The great part about the area (and most of central NY, including schools in binghampton, ithica, utica, etc), is outside of the city, the state is beautiful. Its old mountains, rolling hills, waterfalls, historic and artistic sights and towns (Seneca Falls, Cooperstown, etc), farms, orchards, skiing, berry picking, hiking, camping, etc. I love the weather, but it is at the intersection of like three different weather patterns or something. If you study meteorology, it might be interesting. There is a lot of rain. There can be a lot of snow, but it isn't bufallo, nor is it northern Minnesota/Wisconsin. There isn't any snow right now. But in the winter, there are some of outdoor places to ice-skate or play hokey.

If you want a big city feel, Syracuse won't bring it. But if you like an established, mid-size town with lots to do, Syracuse is fine. Its 4.5 hours from DC and Boston, a bit less from NYC an Toronto.

If you have any more questions, let me know.

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Its 4.5 hours from DC and Boston, a bit less from NYC an Toronto.

you must have a lead foot! it is more like 5-6 hours to nyc and definitely a good 6 hours from dc (possibly even 7 depending on construction on 81 through pennsylvania).

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your right about DC, I made the drive this weekend in about 5.5 hours, but thought it was 4.5 because I was looking at the wrong watch, and just now realized it. But I do think you can get to the city in less than 5 hours. However I am usually driving late at night when there is no traffic.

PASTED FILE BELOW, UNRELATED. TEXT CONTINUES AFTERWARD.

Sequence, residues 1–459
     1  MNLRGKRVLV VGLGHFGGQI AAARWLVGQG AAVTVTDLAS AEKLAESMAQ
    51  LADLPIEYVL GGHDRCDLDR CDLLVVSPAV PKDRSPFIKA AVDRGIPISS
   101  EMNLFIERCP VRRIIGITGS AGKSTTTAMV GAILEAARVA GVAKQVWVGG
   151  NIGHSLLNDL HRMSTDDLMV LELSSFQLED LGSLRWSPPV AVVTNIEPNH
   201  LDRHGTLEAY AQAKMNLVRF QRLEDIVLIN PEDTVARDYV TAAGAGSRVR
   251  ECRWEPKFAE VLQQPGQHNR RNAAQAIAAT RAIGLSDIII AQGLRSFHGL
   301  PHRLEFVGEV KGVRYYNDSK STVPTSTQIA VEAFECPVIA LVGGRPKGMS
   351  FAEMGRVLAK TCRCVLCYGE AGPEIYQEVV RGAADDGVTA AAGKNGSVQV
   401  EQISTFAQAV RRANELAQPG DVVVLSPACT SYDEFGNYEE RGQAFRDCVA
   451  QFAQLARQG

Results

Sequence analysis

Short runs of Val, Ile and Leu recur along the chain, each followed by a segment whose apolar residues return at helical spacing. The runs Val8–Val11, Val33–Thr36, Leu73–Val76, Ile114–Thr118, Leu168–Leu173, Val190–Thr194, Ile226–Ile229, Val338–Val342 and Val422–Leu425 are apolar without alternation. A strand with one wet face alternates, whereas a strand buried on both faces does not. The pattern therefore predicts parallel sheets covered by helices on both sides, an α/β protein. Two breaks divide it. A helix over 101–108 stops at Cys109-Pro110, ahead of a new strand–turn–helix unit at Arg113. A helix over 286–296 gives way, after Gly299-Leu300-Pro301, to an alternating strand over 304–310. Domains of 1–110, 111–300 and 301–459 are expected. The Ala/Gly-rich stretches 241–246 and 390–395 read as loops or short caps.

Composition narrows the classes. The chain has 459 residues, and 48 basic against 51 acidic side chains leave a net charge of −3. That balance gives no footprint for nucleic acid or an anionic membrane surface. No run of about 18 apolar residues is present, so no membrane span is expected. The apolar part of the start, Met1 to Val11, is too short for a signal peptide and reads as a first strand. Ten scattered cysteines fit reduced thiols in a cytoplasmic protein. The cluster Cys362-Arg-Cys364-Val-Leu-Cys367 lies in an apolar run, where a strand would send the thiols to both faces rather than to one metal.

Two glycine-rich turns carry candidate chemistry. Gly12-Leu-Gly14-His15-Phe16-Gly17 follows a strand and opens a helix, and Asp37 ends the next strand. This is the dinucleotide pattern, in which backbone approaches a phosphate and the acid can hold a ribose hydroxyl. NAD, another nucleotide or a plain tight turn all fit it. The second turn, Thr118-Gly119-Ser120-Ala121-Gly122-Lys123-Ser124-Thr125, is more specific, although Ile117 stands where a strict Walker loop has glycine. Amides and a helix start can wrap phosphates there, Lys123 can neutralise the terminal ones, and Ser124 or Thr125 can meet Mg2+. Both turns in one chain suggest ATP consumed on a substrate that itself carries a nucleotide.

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I got into Syracuse and was wondering more about the city....good thing I came across this thread! I was wondering about the average cost of living is in the area, especially the cost of apartments. Not sure I'll go to Syracuse since I haven't heard any funding decisions yet.

Thanks!

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  • 1 year later...

Got into Syracuse as well, and am considering it. I looked online and looks like it is a very affordable place to live. I assume heating costs are pretty high come winter, but most places like that will let you spread out heating costs through out the year.

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  • 10 months later...
  • 1 month later...

I'm in the Syracuse area let me know if you have any questions about it. It is cold and snowy in winter, and it's not as exciting as say NYC or DC but it does have a decent nightlife and they're working on the performing arts/regular arts scene with plays that come through town, the symphony etc. One big plus is the cost of living is really cheap in comparison to a lot of other places people might be looking at for grad school. Right around the university can be a bit expensive as they know unergrads' parents will be paying (and there are a lot of loaded undergrads), but if you avoid that area it's very reasonable. Just make sure you see the apartment before you rent it (common sense I know) because there are definitely some real dives and you have to be careful. I'll do my best to answer any other questions you have!

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I'm in the Syracuse area let me know if you have any questions about it. It is cold and snowy in winter, and it's not as exciting as say NYC or DC but it does have a decent nightlife and they're working on the performing arts/regular arts scene with plays that come through town, the symphony etc. One big plus is the cost of living is really cheap in comparison to a lot of other places people might be looking at for grad school. Right around the university can be a bit expensive as they know unergrads' parents will be paying (and there are a lot of loaded undergrads), but if you avoid that area it's very reasonable. Just make sure you see the apartment before you rent it (common sense I know) because there are definitely some real dives and you have to be careful. I'll do my best to answer any other questions you have!